environment. Deming's approach was not dependent on "experts" or
centered on their interests.

All that real TQM ever required was a formal structure for regular,
purposeful exchange of ideas and a means to archive and implement the
best ones. The structure adapted for a course is simply a team-a
variant of a "quality circle." A short manual provides guidance in how
to form the teams, run them and use the pooled knowledge- not much more
is needed.

It's in the Book

By 1993, we had a manual with enough collective knowledge from multiple
teams to adequately serve any faculty with enough initiative to form a
team. We did not need to provide workshops after that. We certainly
learned about how teams failed and succeeded and what kinds of
professors were suited to using them. We also uncovered bad advice,
such as mixing compensation for teams with grades. By 2002, we posted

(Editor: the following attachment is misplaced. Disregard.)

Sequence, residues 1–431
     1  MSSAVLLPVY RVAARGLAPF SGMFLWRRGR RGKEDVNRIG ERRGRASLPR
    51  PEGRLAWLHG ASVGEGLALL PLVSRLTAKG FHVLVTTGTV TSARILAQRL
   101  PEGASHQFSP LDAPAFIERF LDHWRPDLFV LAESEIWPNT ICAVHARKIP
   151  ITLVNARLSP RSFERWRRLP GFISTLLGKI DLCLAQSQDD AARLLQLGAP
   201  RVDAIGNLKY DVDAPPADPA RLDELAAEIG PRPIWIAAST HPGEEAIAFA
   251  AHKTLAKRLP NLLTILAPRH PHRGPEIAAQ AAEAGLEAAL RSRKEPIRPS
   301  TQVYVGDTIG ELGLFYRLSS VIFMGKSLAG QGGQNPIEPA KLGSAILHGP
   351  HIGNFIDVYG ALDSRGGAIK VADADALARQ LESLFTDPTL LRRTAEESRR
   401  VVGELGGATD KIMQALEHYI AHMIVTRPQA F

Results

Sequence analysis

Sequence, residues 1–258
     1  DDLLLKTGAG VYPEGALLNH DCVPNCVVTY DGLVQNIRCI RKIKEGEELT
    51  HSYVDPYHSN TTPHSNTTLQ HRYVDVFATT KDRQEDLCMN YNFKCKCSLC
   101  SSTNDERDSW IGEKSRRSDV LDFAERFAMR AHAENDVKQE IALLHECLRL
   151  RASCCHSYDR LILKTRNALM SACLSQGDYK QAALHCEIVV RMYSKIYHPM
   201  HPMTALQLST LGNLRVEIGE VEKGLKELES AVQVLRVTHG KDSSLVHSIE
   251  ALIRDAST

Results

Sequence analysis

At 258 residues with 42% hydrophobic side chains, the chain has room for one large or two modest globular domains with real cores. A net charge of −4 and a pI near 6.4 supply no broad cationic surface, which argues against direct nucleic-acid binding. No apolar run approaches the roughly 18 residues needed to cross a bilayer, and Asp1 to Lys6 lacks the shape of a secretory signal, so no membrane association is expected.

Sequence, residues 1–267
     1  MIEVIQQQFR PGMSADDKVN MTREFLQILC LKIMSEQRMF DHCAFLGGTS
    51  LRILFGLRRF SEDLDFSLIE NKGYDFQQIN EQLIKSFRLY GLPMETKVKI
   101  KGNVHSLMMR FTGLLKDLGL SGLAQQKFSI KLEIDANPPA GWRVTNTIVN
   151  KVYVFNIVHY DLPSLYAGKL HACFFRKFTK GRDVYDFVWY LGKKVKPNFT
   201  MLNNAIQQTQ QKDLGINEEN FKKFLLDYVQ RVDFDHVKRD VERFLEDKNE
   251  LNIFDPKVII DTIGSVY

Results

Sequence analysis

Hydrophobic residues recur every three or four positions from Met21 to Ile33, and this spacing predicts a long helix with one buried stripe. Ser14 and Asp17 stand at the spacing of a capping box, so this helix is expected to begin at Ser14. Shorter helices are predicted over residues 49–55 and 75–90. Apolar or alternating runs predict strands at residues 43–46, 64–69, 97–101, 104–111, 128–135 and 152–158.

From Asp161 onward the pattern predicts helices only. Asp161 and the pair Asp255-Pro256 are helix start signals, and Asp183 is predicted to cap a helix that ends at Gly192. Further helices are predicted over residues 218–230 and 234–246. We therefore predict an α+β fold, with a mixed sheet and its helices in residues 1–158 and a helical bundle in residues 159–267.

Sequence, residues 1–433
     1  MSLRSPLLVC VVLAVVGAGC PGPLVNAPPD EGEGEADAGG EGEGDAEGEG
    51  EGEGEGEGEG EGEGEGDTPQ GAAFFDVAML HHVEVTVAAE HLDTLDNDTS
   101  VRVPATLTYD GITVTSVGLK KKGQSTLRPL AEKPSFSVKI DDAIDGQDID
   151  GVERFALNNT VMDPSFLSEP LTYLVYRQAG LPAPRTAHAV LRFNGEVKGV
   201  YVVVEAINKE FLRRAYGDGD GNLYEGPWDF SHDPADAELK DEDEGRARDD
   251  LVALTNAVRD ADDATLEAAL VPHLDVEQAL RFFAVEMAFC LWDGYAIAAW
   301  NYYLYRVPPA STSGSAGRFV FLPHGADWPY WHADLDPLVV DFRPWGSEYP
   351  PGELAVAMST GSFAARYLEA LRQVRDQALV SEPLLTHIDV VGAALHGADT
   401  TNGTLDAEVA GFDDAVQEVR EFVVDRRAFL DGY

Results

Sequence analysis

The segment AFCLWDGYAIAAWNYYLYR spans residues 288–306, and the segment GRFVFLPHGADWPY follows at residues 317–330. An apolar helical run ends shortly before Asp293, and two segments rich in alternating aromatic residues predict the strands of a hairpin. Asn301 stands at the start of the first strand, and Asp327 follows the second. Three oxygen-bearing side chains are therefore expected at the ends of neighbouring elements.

the manual, which we still update annually, in HTML and PDF format at This made it
available free to faculty and even got us out of the hassles of selling
manuals. This article will allow NTLF readers to access all of this
information. A workshop in a newsletter?

Do It Yourself

Everything you need to do it yourself is in the free manual first
posted in 1991. Today's manual is a significant improvement over
earlier versions. The basics of how to form teams, manage and
compensate them, case examples of use and advice for both student and
faculty members remain from the early work. As we developed a unifying
picture of development, the manual has become more "fractal" in the
sense of being more in accord with a unifying model of education. The
major components of teaching, learning, and thinking are all in there